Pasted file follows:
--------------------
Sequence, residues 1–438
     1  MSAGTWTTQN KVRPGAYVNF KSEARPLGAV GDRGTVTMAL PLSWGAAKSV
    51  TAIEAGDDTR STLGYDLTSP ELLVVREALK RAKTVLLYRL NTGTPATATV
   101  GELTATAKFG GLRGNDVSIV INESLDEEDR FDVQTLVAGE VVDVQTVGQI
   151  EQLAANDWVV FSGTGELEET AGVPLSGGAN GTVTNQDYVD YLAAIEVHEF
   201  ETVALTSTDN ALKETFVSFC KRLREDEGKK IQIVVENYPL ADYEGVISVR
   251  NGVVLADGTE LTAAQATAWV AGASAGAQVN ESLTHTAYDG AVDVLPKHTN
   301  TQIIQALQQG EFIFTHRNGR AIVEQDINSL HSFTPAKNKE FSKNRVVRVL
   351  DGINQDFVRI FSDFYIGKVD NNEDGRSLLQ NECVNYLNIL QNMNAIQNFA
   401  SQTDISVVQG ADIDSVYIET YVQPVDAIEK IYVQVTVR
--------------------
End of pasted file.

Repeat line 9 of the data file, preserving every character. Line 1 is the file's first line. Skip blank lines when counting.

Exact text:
   351  DGINQDFVRI FSDFYIGKVD NNEDGRSLLQ NECVNYLNIL QNMNAIQNFA